The Rock Elm is native to the Midwestern United States. You may also hear this tree called the Cork Elm because it has corky branches. Following full maturity, the height of this tree can range from 50 to 100 feet. The life span of the Rock Elm is an estimated 300 years, which is the longest lifespan of all the elms on this list!
How Long Does an Elm Tree Take to Mature?
Much like growth rate and life expectancy, the length of time it takes an elm tree to mature depends on the species of elm tree. Some elm trees mature faster than others because they have a faster yearly growth rate. For example, the Chinese Elm—which has a yearly growth rate of three feet—reaches maturity in about 20 years, meaning that it matures relatively quickly. However, the length of time it takes a slower-growing elm to mature may be a bit longer.
How Big Do Elm Trees Get?
The size of elm trees is another factor that depends on elm tree species. One of the biggest elm tree species, the English Elm, can grow to 130 feet tall and spread to 50 feet wide. Conversely, one of the smallest elm tree species, the Frontier Elm, grows to about 30 feet tall and spreads to about 30 feet wide. So, as you can see, the species plays a major role in elm size!
Other factors that play a role in the size of elm trees include the type of soil the elm is planted in and the amount of sun to which it is exposed. Elm trees grow the best when they are planted in moist soil and are exposed to full sun or partial shade. So, if an elm tree isn't planted in the proper soil or exposed to the proper amount of sunlight, it probably won't grow as big as it should.
Are Elm Trees Easy to Care For?
There are natural characteristics of elm trees that make them fairly easy to care for. For example, elm trees are very adaptable plants; they prefer moist soil, but they can also adapt to wet or dry soil. In addition, elm trees easily endure city environments, making them good trees to line an urban street.
After planting an elm tree, the steps involved in maintaining it are fairly simple. Directly after planting any type of elm tree, you will want to mulch it, as mulch helps the soil retain moisture.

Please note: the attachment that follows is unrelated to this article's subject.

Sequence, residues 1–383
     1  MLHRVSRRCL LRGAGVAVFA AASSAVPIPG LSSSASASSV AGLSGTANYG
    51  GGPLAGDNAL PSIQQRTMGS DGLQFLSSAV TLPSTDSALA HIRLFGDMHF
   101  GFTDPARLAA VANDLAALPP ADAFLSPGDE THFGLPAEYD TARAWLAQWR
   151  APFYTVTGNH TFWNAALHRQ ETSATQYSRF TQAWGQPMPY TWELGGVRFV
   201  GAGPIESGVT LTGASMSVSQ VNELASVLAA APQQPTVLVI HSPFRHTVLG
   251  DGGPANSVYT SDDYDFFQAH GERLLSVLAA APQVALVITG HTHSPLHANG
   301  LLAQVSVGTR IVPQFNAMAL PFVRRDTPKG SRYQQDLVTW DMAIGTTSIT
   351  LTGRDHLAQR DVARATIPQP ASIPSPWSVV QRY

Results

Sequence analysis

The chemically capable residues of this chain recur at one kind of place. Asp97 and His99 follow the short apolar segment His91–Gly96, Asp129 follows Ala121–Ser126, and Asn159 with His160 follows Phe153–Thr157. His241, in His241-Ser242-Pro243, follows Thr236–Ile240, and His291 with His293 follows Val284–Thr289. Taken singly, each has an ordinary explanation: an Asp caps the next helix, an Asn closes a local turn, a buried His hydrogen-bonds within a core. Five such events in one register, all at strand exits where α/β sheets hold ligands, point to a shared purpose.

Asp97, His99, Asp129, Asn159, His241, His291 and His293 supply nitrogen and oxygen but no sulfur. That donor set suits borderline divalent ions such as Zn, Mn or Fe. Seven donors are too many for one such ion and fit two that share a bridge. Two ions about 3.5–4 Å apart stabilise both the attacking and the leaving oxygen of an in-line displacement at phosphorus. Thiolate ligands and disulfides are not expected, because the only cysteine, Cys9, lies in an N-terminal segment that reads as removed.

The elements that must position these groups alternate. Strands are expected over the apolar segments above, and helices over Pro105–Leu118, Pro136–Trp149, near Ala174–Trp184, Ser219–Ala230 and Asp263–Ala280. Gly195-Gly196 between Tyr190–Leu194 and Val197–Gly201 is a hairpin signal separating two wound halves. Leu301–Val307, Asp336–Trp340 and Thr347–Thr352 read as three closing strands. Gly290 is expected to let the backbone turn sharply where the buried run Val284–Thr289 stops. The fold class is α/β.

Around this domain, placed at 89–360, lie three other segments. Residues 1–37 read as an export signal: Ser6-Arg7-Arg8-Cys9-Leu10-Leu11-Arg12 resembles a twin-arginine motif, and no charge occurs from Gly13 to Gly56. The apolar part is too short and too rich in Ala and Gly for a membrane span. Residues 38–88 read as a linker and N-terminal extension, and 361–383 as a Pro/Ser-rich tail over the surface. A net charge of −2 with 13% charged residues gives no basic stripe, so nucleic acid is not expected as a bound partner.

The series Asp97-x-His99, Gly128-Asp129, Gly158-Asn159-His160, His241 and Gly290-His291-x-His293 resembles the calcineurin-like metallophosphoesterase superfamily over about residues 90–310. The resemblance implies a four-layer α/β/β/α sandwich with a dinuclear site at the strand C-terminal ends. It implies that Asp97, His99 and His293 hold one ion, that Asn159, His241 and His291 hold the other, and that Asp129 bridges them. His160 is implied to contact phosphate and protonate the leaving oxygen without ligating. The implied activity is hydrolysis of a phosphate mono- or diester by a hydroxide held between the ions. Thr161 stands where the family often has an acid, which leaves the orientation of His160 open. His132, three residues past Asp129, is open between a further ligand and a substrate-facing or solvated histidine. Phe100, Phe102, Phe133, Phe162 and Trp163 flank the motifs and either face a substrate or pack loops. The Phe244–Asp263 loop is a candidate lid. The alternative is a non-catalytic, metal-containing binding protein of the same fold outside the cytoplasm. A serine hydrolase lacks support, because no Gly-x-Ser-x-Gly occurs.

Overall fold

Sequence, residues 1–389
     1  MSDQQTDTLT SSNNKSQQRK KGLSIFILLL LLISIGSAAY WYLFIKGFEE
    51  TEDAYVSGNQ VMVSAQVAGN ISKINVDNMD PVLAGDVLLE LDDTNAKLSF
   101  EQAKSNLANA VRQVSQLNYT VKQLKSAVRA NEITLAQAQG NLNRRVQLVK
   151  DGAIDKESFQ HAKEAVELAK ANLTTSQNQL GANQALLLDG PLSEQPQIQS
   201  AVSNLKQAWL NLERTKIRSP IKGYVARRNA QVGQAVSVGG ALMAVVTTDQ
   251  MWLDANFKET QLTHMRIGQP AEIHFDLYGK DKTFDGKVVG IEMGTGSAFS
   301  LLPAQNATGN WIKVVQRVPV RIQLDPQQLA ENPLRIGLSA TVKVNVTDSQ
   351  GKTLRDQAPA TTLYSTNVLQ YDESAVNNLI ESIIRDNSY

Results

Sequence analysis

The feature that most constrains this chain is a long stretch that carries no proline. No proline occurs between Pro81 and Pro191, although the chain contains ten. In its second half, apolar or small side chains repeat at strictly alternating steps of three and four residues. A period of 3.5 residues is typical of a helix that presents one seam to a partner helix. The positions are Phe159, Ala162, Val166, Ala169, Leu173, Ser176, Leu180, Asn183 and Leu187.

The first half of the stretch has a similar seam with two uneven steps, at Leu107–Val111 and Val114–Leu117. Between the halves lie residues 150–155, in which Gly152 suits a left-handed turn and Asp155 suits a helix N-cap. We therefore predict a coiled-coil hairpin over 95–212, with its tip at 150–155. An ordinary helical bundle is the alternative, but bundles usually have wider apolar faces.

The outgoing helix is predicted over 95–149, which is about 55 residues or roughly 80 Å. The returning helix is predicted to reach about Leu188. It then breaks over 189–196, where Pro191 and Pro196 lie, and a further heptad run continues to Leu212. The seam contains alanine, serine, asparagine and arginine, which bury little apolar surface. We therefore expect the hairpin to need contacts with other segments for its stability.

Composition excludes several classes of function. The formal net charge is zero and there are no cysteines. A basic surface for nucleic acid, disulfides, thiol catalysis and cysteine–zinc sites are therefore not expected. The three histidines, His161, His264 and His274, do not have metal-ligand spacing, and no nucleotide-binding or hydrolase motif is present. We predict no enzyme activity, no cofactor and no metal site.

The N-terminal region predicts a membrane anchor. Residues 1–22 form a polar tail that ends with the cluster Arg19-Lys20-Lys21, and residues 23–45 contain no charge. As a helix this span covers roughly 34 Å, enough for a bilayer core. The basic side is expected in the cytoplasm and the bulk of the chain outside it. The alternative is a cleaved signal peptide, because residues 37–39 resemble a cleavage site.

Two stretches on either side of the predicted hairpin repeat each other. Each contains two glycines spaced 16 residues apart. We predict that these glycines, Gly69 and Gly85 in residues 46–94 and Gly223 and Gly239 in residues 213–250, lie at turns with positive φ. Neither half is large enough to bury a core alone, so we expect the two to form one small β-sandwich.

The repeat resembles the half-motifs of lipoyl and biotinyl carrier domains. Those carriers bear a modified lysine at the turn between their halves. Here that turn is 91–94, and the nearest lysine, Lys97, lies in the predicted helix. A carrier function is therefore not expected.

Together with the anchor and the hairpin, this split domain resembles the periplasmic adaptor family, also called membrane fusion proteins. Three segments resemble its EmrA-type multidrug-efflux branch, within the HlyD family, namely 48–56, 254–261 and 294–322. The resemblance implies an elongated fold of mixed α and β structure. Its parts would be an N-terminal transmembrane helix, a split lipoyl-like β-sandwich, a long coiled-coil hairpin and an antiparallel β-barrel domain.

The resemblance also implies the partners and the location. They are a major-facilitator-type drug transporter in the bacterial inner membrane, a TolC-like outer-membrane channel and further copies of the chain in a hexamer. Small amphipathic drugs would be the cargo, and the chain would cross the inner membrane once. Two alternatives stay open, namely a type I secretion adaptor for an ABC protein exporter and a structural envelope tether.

Be sure to water young elm trees when they haven't received enough water from rainfall, and fertilize young elms every spring.
One thing that can make elm trees very difficult to take care of is Dutch Elm Disease. Dutch Elm Disease is a vascular wilt disease that first appeared in elm trees in the 1930s. It is spread by elm bark beetles, which carry the disease from infected trees to noninfected trees. Dutch Elm Disease is highly lethal.
Although Dutch Elm Disease makes caring for elms difficult, there are some things you can do to combat the disease. One thing you can do to prevent Dutch Elm Disease is water your trees in the absence of rain. Pruning your trees every few years can also help prevent the disease.
The average growth rate of American Elm trees is three to six feet per year, and the average life expectancy of American Elms is 300 years. However, many different elm species exist, and this growth rate and life expectancy vary based on species. Elm species also helps determine when an elm will reach maturity and how big the elm will get. Remember that elm species are fairly easy to take care of, unless they become infected with Dutch Elm Disease, which is a major threat.
With this information about growth rates, life expectancies, and caring for elm trees, you should be set to add an elm to your yard!